Your gut bacteria could play a role in determining whether cancer therapy will work

Cancer patients respond best to treatment when they have the right cocktail of bacteria in their guts, new research indicates.

Two separate studies found the “microbiome” of the gut – the bacteria, viruses and other bugs in the digestive system – can determine whether tumours will shrink when treated with immunotherapy drugs.

The studies carried out by scientists in the US and France relate to PD-1 inhibitors, which prevent tumours hoodwinking the body’s immune system into thinking they are healthy cells.

Both found that certain gut bacteria can boost the likelihood of a patient responding to a drug, Science magazine reported.

PD-1 inhibitors can hold certain cancers at bay for many years, but currently only about 25% of all patients respond to the drugs.

Now, the teams behind both studies are hopeful that this figure could be significantly boosted if they are able to manipulate the make-up of bacteria in the gut.

The team at the Gustave Roussy Cancer Campus in Paris also discovered that immunotherapy patients taking antibiotics, which disrupt gut bacteria, relapsed sooner or did not live as long as others.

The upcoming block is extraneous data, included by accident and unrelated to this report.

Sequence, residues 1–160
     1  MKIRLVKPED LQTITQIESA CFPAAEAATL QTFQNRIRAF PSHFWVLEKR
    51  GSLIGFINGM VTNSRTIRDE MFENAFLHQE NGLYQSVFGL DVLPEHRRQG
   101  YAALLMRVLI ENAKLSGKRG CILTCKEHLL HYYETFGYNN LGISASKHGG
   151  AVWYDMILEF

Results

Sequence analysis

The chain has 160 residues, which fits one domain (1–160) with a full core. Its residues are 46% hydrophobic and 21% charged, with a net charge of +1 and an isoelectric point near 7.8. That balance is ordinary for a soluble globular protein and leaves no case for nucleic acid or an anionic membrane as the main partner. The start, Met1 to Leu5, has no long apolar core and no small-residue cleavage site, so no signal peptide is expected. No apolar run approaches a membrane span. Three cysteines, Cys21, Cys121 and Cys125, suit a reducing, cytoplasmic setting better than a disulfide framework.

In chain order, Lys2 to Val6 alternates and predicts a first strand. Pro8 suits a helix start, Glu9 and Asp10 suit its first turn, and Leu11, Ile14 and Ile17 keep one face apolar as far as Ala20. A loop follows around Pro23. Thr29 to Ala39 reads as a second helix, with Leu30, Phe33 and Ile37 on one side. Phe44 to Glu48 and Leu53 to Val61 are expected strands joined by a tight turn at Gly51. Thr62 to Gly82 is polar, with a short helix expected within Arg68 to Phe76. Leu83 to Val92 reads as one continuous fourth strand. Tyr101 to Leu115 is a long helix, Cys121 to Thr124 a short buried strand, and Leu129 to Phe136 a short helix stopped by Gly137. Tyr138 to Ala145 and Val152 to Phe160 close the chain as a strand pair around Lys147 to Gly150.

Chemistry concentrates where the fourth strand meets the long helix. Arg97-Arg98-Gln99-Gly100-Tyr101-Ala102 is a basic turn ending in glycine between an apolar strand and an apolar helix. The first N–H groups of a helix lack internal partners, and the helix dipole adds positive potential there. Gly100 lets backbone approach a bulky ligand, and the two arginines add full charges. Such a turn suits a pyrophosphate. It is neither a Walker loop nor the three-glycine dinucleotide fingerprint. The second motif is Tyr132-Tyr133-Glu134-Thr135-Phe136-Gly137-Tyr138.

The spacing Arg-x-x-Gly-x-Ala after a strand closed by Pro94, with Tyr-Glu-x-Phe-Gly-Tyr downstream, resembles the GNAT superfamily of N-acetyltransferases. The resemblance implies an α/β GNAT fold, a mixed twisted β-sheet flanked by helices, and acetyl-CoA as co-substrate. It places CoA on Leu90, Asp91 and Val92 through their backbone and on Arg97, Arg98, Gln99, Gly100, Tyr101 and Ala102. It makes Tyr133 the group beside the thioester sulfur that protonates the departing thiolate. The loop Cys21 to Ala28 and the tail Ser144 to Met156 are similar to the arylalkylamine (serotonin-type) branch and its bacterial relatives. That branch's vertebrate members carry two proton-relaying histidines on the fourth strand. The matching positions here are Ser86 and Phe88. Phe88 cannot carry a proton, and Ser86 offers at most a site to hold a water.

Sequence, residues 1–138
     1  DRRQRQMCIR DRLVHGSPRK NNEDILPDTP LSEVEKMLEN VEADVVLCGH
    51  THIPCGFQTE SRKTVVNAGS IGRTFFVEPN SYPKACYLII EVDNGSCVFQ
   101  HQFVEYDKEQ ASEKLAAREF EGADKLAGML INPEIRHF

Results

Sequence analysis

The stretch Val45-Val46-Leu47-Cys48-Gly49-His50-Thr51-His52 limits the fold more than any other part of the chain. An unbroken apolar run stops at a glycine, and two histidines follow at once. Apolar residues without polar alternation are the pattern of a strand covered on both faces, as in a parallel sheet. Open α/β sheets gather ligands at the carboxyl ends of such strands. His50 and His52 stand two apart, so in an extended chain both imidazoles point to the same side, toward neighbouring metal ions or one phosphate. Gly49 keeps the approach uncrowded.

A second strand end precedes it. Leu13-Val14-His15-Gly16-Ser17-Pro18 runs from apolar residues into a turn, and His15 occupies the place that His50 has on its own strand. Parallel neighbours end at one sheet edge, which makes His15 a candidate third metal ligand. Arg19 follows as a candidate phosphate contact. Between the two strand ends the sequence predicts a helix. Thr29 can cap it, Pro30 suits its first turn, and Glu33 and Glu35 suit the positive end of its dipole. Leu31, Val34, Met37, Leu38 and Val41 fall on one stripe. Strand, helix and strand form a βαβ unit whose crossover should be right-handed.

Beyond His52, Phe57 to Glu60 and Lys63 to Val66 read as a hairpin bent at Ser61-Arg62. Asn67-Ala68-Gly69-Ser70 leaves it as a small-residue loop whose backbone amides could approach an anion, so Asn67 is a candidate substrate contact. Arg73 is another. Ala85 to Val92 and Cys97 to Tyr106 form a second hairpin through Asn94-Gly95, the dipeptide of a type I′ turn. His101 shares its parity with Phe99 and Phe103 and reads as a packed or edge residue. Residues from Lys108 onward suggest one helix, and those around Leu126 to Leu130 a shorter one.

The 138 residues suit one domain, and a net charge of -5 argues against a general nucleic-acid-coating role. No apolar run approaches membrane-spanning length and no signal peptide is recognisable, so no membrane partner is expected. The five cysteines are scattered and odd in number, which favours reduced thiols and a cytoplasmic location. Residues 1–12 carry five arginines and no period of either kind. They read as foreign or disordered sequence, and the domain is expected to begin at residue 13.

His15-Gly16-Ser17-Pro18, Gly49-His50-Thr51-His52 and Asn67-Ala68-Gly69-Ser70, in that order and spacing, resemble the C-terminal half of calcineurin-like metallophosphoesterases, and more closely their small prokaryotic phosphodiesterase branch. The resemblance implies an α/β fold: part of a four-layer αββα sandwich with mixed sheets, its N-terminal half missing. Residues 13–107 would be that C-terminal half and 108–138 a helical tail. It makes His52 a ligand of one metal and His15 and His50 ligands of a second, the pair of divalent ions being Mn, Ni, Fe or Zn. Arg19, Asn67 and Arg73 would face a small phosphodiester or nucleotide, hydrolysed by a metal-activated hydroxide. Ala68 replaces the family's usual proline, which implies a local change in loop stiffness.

Immunologist Laurence Zitvogel, the leader of the study, believes that by simply avoiding antibiotics the number of patients responding to immunotherapy could be boosted to 40%.

In the US, Jennifer Wargo, of the MD Anderson Cancer Centre in Houston, Texas, found that patients with a more diverse range of bacteria in their gut and more specific bacteria were more likely to respond well to the treatment.

She is now planning to test whether altering the gut’s microbiome with faecal transplants in pill form or bacterial treatment could help melanoma patients respond to PD-1 blockers.


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